Even now, Moussouris said, she has to make a calculation about how much she explains where her family is from: “Do I care enough about the person that I’m talking to that I want to invest the time that it takes to explain my rich cultural heritage? Or do I just want to be like, ‘Yeah, I grew up in Boston?’ ”

Karalee Mahealani Vaughn, co-chair of Empowering Pacific Islander Communities, an organization that advocates for native Hawaiian and Pacific Islanders, believes the grouping of Pacific Islanders with Asian Americans is ultimately harmful.

“The ‘PI’ needs to stand as its own racial category so that Native Hawaiians and Pacific Islanders are visible and heard,” she said. “Pacific Islanders need disaggregated data to continue to advocate for culturally centered and competent services and programs to fit the specific challenges facing our community.”

She noted that even the Pacific Islander community is not monolithic itself and spans several ethnicities — Polynesian, Melanesian and Micronesian.

“We come from flourishing and sustainable communities, we are the Indigenous groups of the Pacific and we have a vast rich history prior to contact and colonization,” she said. “We no longer want to be categorized as an asterisk or told we are not significant enough to be recognized and identified.”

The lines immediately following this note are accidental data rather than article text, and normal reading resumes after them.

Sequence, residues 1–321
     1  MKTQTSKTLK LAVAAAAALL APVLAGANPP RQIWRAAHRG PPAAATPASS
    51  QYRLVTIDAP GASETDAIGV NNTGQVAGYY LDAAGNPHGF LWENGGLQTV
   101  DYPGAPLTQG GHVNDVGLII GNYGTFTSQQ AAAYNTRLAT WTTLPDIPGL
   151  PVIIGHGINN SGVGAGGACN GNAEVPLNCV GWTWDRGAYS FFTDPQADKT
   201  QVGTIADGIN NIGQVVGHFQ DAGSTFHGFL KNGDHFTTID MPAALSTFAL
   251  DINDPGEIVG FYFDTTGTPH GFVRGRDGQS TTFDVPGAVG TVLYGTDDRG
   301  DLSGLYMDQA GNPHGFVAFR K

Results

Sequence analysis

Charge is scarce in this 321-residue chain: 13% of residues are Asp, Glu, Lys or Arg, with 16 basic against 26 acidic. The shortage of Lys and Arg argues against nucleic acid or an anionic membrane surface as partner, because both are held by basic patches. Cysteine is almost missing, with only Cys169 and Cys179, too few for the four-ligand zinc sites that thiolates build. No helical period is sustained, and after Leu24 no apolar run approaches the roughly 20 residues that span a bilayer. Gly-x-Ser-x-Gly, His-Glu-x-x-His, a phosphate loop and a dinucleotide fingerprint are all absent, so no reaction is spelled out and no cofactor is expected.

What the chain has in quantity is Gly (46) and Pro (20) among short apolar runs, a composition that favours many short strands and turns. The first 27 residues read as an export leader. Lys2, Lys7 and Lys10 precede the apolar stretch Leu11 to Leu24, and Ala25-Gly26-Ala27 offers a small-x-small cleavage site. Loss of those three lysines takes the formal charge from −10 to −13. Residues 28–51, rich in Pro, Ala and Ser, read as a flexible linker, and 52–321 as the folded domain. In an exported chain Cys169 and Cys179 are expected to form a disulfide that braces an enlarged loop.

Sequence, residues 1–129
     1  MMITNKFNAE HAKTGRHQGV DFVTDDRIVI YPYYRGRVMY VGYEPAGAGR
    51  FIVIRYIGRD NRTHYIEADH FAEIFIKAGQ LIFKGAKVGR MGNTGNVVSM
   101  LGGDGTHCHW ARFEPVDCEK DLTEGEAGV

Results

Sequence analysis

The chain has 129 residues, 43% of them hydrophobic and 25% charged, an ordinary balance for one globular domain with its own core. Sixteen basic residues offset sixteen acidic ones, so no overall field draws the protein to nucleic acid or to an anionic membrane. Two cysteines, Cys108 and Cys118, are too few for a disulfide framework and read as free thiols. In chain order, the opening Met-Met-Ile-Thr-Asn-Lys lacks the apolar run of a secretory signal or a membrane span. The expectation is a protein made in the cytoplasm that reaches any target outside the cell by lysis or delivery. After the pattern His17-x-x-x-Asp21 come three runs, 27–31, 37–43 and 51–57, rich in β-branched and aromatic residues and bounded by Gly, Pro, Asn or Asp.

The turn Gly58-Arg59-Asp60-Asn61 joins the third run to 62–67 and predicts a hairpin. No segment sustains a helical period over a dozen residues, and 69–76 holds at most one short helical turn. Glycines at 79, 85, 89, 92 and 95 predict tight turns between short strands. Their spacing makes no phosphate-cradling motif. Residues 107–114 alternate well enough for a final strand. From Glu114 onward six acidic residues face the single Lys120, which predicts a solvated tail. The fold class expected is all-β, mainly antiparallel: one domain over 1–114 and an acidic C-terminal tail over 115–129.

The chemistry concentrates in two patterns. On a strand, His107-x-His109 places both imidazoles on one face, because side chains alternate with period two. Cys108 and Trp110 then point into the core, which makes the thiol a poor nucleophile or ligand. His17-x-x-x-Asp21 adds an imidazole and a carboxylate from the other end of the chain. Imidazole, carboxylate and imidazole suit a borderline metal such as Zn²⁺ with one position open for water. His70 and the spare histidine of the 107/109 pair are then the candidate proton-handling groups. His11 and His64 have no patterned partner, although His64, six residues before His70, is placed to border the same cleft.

For Jarman, one way of connecting with her heritage has been through ink: In Samoa, tattoos are traditionally used to mark milestones. When she was 16, she got her first tattoo — a band of intricate tribal designs on her upper arm — in an effort to look more Samoan, she said.

After she graduated from Stanford University and started working, she wanted to celebrate moving out on her own. So she got a more traditional tattoo just above her knee. Her mother, and at least one of her sisters, has gone with her each time — tattooing in Samoan culture is “a community thing,” she said, and her family kept her company for hours.

The different symbols — triangles symbolizing arrow points, elements depicting mountains or water — “have been tattooed on Samoans for centuries,” she said.

For her, they’re a crucial way of proudly representing her cultural identity: “Particular parts of a tattoo tell a story; you read the tattoo to get the story that you’re telling.”